|Business Burglary Prevention
Is your business safe from burglary? The following information is designed to help you fight business burglary from crime prevention approach. A crime prevention approach includes identifying areas of criminal vulnerability and implementing appropriate security measures to prevent your business from becoming a victim of a burglary. For your business burglary prevention program to be effective active participation, interest, and concern is needed.
Remember the following:
- Consider key control. Are office keys, master keys, safe keys, and vehicle keys lying about? Do you know to whom your keys have been issued or entrusted? If you cannot answer these questions, your security risk factor is very high;
- Keep a record of all keys issued. Master keys and extra duplicates should be locked away for safe keeping. When a particular key is needed, everyone must sign for it's use;
- Have all keys stamped with the words "Do Not Duplicate";
- Familiarize your employees with your security systems and procedures. Efficient, alert, well informed, and understanding employees are necessary to help protect your business;
- The address and name of your business should be visible from the street. Use large, reflective numbers. Place large, reflective numbers on the roof of your building to assist police helicopter patrols in identifying your business.
- Issue ID badges to all employees and visitors. Question anyone in your business who does not have an ID badge; If practical, the entire perimeter of your property should be fenced. Depending on your location, barbed-wire topping may be recommended;
- When not in use, gates should be secured with quality padlocks and chains;
- Electronic gates, alarms, closed circuit television, two-way communications and electric eye gate openers assist in the detection and identification of intruders;
- Gates should have predetermined opening and locking schedules with one employee responsible for that duty;
- Post warning signs to encourage customers and employees to always lock their unattended vehicles and to lock any valuables in the trunk out of sight;
- Deny burglars access to your roof by securing ladders, pallets, boxes, and crates away from your building;
- Deny burglars a place to hide by keeping grass and shrubs trimmed and debris cleared away from your property;
- Alarms, trained guard dogs, and professional security also help deter burglars especially if there is property that must be stored outside.
At night, properly placed lighting can deter burglars. Lighting by itself does not prevent crime. Many times businesses are burglarized even though well lit, however proper lighting increases the chance that a burglar will be detected by a witness or police during the commission of the crime. The longer the burglar is exposed in a well lit area, the greater the chance of detection. Burglars do not want to be detected, and in most cases will choose a poorly lit business as a target. Unless you have formal or informal surveillance of an area, lighting may not always prevent crime. In fact, good lighting without surveillance may actually encourage criminal activity in some cases. Good surveillance and lighting used together, however, provide the business with the first line of defense against burglary.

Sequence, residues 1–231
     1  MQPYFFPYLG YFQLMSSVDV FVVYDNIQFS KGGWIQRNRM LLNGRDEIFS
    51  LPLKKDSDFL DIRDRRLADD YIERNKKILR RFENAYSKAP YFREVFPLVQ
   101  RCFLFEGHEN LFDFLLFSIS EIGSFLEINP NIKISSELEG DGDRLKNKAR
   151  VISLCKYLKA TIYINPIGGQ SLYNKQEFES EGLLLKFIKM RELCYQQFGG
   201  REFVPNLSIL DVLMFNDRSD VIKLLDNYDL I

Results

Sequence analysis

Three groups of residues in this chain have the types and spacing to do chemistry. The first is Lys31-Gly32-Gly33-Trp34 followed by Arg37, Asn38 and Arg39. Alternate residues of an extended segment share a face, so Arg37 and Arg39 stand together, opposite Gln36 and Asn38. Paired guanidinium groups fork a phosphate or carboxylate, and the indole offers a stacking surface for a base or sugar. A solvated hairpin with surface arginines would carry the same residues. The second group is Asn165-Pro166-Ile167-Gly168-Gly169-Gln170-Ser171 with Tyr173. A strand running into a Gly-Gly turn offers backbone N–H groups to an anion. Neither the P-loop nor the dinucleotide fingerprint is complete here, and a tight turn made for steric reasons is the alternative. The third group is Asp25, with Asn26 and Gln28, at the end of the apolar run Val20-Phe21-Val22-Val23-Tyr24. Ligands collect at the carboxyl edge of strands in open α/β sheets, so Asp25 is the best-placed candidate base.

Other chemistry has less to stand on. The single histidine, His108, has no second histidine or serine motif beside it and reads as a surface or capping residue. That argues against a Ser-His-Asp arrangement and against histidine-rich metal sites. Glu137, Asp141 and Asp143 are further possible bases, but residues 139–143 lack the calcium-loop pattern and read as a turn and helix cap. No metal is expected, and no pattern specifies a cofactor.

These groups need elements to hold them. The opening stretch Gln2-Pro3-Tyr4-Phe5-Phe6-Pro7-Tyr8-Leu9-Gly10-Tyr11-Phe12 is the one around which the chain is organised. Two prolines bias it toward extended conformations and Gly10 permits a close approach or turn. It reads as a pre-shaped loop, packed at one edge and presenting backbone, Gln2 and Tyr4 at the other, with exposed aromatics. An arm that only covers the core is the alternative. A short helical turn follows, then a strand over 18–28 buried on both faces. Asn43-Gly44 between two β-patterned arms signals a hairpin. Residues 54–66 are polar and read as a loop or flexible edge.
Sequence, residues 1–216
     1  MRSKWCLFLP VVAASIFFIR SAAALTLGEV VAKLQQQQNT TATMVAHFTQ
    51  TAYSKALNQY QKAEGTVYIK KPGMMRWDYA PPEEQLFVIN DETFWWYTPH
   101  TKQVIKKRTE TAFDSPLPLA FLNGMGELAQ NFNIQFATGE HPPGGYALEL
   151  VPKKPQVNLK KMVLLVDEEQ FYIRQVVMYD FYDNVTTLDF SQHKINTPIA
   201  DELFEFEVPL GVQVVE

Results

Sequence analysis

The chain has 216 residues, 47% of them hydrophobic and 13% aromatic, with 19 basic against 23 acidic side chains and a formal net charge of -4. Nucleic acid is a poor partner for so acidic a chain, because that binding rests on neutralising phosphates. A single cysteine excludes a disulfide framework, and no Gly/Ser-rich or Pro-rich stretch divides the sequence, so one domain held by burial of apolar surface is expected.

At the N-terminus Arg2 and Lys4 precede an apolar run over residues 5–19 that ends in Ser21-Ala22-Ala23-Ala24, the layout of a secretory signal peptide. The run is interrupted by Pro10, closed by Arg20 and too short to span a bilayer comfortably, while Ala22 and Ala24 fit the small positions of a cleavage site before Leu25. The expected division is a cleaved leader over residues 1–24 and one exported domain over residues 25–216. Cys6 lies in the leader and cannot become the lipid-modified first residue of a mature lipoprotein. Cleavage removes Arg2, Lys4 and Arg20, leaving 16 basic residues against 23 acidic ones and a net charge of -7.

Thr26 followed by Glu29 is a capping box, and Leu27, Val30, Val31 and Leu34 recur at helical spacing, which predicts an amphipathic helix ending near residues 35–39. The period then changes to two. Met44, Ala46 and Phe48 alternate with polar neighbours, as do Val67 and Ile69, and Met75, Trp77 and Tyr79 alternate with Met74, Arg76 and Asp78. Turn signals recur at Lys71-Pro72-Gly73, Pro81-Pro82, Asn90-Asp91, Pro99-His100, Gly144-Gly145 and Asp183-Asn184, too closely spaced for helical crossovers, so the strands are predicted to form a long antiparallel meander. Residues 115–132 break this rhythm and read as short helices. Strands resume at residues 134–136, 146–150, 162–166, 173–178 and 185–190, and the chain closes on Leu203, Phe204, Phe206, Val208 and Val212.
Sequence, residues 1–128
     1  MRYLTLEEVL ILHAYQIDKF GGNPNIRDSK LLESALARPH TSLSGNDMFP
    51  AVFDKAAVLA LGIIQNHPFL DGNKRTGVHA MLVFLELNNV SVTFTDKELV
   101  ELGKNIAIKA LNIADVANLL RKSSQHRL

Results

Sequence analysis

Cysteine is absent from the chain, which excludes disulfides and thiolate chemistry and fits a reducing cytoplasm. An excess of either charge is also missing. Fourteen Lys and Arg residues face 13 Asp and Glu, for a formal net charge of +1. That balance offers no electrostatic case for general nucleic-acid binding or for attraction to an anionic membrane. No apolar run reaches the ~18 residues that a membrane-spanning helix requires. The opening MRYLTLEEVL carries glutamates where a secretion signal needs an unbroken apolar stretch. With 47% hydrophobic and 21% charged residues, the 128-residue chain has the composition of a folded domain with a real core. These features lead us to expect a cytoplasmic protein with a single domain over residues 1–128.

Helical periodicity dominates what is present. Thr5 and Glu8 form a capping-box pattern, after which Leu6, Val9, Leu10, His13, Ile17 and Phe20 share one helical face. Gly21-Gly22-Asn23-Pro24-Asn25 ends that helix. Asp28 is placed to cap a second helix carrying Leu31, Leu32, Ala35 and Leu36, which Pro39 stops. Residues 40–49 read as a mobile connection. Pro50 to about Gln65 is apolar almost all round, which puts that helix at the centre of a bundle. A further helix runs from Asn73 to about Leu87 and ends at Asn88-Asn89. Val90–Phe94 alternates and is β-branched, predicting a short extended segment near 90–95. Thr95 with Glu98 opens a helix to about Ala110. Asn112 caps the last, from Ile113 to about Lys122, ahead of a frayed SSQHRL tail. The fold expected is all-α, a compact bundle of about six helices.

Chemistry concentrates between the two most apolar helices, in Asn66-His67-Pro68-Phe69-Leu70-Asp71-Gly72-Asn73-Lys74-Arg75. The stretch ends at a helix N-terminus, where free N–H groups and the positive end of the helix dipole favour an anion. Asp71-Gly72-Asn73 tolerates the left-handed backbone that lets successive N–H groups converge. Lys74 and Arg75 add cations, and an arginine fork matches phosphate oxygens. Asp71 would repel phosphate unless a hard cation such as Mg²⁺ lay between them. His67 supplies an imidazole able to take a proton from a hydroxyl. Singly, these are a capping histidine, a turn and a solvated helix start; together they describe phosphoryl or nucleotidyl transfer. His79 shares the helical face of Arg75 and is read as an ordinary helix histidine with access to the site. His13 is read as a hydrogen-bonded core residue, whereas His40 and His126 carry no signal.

The electricity provider for your business can provide information and install outdoor lighting.
Go to the following web sites for details:
- All exterior doors should be constructed of steel, aluminum alloy, or solid-core hardwood, with a minimum of 16-gauge steel on side and rear doors. Glass doors should have shatter resistant glass or plexiglass installed;
- Double doors should be secured with heavy duty multi-point, 3" long flush bolts;
- The frame of the door must be as strong as the door itself;
- Exterior swinging doors should have a one-inch dead bolt with a hardened steel insert and a free turning steel cylinder guard;
- Double throw cylinder locks are recommended where glass is located within 40 inches of the locking mechanism.
- Sliding glass windows and sash windows should have locking pins, bolts, locks, or swing latches to prevent opening from the building's exterior;
- Secure all windows. First floor windows should have shatter resistant glass installed.
- Install glass break sensors in alarm system in rooms with windows.
- To provide optimum window security install bars, grilles, grates, or heavy-duty wire screening;
- Skylights, ventilation openings, air conditioning/heating ducts and crawl spaces are all potential entry points for burglars. Permanently secure these openings by installing metal grilles or grates. If these openings cannot be secured, make sure they are protected by the alarm system.
To find out more information on different types of burglar resistant glass, including tempered glass, laminated glass, and plexiglass contact your local glass shop.
There are two basic types of intruder detection alarms, audible and silent. The basic purpose of an alarm device is to deter an intruder from entering your business or to alert law enforcement of an illegal entry. Alarms can also assist police in the apprehension of the suspect. Different types of alarm systems include:
- Glass Break Sensors
- Motion Sensors
- Photoelectric Sensors
- Door/Window Sensors
- Close Circuit Television Sensors (CCTV)
- Electronic Fences
- Electronic Doors and Gates
The most common assaults on padlocks are made with bolt-cutters or pry bars. Quality padlocks should have the following:
- Laminated or extruded cases;
- A hardened steel shackle at least 9/32" in diameter;
- A double locking bolt providing "heel and toe" locking;
- At least 5-pin tumblers in the cylinder and;
- A key-retaining feature that prevents removal of the key until the padlock is locked.
The chain, wire, or hasp that you use with the padlock should also be made of high quality hardened steel.